Kenya To Get Ksh.29 Billion Additiomal Loan From IMF


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Kenya To Get Ksh.29 Billion Additiomal Loan From IMF
Kenya To Get Ksh.29 Billion Additiomal Loan From IMF

The International Monetary Fund (IMF) Executive Board has approved the disbursement of Ksh.29.1 billion ($258.1 million) which represents the third part of a Ksh.264.4 billion ($2.34 million) loan program whose deal was struck in April this year.

The announcement by the multilateral lender follows a second round of consultation and reviews of its program with Kenya which are a prerequisite to fresh disbursements under the three-year program.

Cumulatively, the IMF will now have wired Ksh.109.9 billion ($972.6 million) this year from the loan facility.

Proceeds from the IMF program are channeled towards budget support.

The IMF Executive Board says the government has continued to show commitment to the reform agenda underpinning the 38 months deal including the reduction of debt vulnerabilities and support for economic recovery.

“The FY 21/22 budget delivers on these objectives. A supplementary budget is being prepared, consistent with the flexibility built into the EFF/ECF arrangements, to expand the authorities’ COVID-19 vaccination program, support the SOE reform plan and execute emergency spending related to the drought in the northern regions and security,” the IMF noted in a statement on Saturday.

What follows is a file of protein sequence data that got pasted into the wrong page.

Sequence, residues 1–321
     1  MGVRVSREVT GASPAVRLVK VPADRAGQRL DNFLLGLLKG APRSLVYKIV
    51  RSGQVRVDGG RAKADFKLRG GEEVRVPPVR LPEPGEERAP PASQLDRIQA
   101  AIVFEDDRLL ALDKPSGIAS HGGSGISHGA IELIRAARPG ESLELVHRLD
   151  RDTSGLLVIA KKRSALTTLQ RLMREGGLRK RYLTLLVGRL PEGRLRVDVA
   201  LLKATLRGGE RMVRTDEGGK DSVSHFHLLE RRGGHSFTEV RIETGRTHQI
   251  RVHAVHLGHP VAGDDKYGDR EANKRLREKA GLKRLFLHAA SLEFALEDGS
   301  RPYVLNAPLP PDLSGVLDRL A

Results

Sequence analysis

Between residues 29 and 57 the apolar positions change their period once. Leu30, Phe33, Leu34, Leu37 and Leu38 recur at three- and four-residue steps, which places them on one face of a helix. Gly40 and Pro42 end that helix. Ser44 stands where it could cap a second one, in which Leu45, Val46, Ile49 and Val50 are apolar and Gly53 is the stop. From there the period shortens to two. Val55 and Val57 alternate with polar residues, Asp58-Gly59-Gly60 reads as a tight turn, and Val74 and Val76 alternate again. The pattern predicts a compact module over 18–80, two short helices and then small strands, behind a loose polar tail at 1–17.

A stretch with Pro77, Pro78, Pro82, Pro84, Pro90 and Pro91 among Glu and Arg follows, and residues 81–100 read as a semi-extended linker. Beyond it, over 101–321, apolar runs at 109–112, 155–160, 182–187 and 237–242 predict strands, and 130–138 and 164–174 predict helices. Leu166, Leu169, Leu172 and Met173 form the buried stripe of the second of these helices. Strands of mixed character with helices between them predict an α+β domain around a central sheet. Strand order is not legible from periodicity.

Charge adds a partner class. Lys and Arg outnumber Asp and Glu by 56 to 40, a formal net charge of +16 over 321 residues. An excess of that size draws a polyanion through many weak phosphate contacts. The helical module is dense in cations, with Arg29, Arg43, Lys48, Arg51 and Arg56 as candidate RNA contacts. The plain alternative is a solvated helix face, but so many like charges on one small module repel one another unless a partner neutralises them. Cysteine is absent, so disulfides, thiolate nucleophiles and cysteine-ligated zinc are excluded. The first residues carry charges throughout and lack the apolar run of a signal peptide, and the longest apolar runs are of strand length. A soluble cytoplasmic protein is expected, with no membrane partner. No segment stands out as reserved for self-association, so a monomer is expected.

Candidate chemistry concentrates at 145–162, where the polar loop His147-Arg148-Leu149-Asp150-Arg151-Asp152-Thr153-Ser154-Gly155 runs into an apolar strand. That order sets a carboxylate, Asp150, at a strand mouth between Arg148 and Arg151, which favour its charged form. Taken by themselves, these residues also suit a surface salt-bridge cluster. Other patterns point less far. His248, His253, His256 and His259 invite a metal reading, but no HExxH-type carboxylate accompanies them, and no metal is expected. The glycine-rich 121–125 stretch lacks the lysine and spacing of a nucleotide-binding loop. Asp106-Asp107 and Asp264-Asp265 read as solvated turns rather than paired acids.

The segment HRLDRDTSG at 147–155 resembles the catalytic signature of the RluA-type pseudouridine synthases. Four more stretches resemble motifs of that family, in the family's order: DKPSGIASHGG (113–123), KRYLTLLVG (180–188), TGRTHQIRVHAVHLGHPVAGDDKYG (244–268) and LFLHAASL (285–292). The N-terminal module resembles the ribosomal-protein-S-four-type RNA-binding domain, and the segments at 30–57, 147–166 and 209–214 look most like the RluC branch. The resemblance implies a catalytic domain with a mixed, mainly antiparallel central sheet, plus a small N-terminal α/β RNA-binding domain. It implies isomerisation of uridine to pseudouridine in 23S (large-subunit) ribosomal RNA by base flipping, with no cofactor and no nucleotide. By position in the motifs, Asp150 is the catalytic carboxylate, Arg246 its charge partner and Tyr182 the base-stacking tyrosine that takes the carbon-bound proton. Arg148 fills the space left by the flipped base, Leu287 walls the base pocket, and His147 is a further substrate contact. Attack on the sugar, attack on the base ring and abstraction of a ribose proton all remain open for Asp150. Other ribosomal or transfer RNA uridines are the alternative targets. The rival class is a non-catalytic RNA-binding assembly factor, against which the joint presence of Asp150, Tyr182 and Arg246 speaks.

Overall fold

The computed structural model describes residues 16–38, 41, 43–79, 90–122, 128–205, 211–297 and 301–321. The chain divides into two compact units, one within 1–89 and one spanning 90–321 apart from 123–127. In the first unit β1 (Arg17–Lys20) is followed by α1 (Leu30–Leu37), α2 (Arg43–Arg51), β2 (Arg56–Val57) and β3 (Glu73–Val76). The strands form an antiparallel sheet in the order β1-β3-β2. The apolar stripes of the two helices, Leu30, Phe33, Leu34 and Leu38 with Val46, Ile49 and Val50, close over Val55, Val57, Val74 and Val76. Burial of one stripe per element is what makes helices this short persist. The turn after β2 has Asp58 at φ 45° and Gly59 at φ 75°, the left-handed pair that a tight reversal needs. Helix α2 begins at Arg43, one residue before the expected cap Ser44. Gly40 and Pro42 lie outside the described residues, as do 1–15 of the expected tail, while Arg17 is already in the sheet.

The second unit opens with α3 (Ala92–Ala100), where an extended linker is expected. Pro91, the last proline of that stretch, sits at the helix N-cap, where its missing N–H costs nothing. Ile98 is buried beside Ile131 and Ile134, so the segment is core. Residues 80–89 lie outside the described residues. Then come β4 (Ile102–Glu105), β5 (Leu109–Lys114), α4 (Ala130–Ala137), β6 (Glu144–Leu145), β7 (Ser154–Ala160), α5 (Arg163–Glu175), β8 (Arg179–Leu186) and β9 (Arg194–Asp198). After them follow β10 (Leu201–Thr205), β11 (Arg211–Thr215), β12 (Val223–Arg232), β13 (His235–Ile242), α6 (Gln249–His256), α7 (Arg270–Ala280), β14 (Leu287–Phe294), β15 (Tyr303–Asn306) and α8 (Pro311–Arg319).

“Given Kenya’s limited fiscal space, the authorities are proactively managing difficult trade-offs with the view to reduce debt vulnerabilities by rationalising non-priority spending to offset half of the impact of SOE support on the deficit, in line with program commitments.”

The IMF expects Kenya’s economic growth to rebound by 5.9 per cent this year as the local economy bounces back from last year’s COVID-19 pandemic triggered shocks.

The multi-lateral lender however expects pandemic related pressures to persist as the rate of vaccinations in the country remains low.

Despite noting progress on fiscal transparency and governance, the IMF has asked Kenya to begin publishing beneficial ownership information for awarded public tenders early next year and sustain audits of COVID-19 spending.

Further, the IMF expects the Central Bank of Kenya (CBK) to keep low interest rates should inflation expectations remain with the government’s target band.

The IMF projects the Kenyan economy to grow by 5.8 and 5.5 per cent in 2022 and 2023 with average inflation at 5.8 and 4.8 per cent in the respective years.

Meanwhile, the lender sees Kenya’s current account deficit at 5.1 per cent of GDP over three years from 2021.

The fresh disbursement is expected to be timely to not only anchor government spending but also in raising the pool of CBK’s usable foreign exchange reserves which currently stand at an estimated 5.28 months of import cover.



Kenya To Get Ksh.29 Billion Additiomal Loan From IMF

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